Keeping the Viral loads suppressed is the aim of HIV treatment procedures. Viral load can be detected by blood tests which indicate the rate at which the virus is developing. CD4 count can also be tested which shows the rate at which the infection is being combated.
PrEP* and PEP* are medicines that help prevent HIV. Each type is used in a different situation:
PrEP stands for ‘Pre-exposure prophylaxis’. It is for people who don't already have HIV but are at a very high risk of getting it. PrEP is daily medicine that can reduce this risk. With PrEP, if you do get exposed to HIV, the medicine can stop HIV from taking hold and spreading throughout your body.
PEP stands for post-exposure prophylaxis. PEP is for people who have possibly been exposed to HIV. It is only for emergency situations. PEP must be started within 72 hours after a possible exposure to HIV.
PEP stands for post-exposure prophylaxis. PEP is available for occupational exposure by health care professionals and exposed persons in case of sexual assault.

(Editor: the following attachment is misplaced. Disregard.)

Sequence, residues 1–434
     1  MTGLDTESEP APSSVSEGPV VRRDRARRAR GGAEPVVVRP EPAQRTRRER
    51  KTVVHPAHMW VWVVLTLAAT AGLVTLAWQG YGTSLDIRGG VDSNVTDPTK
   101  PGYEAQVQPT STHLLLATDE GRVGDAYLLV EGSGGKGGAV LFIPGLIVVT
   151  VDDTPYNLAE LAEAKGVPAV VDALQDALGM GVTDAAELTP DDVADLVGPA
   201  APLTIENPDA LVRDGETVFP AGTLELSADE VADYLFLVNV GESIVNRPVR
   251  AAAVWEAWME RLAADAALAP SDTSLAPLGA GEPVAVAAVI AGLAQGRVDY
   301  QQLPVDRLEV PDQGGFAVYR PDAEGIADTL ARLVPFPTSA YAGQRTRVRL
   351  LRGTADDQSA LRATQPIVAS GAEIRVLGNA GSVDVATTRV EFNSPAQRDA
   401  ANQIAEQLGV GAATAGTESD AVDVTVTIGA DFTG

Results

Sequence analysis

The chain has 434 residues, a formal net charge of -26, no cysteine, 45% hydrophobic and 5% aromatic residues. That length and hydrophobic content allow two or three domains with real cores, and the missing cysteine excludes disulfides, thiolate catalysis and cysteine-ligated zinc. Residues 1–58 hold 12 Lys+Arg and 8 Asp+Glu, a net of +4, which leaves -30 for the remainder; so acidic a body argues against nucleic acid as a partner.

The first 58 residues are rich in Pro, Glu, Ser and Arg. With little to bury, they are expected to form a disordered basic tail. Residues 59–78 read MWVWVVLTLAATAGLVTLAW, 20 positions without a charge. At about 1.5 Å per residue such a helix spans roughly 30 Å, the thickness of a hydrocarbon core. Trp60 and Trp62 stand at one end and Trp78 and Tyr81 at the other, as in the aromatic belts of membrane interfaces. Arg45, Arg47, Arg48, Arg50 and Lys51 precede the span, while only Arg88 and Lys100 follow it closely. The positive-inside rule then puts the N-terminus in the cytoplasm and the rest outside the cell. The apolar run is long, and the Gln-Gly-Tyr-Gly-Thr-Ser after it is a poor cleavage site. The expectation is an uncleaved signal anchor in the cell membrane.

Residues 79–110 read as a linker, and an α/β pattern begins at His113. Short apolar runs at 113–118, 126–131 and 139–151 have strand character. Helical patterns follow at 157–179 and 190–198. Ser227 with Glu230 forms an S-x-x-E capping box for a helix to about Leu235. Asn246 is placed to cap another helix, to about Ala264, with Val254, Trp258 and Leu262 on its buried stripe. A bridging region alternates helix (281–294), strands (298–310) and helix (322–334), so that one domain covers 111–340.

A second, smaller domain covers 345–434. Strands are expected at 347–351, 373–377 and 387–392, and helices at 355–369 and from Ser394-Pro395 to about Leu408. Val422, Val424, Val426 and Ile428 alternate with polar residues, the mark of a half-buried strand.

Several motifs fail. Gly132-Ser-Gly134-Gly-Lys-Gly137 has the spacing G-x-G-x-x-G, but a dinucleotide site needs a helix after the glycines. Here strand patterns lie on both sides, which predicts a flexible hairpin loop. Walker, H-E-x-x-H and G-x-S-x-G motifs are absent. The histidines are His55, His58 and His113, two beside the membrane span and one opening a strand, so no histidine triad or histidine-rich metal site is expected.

NACO website: Occupational exposure
Occupational exposure refers to exposure to potential blood-borne infections (HIV, HBV and HCV) that may occur in healthcare settings during performance of job duties. Post exposure prophylaxis (PEP) refers to comprehensive medical management to minimise the risk of infection among Health Care Personnel (HCP) following potential exposure to blood-borne pathogens (HIV, HBV, HCV). This includes counselling, risk assessment, relevant laboratory investigations based on informed consent of the source and exposed person, first aid and depending on the risk assessment, the provision of short term (four weeks) of antiretroviral drugs, with follow up and support.
These medications are only available at Government ART centres, link ART centres (LAC), ICTC and Private clinics e.g. The Humsafar Trust (LAC)
These medications are only available at Government ICTC, Private clinics and Community led clinics e.g The Humsafar Trust.
Yes, the COVID-19 vaccine is absolutely safe and effective. The vaccine's purpose is to keep the COVID-19 virus in check. The vaccine does not interfere with ART medicines nor create any complications for people living with HIV.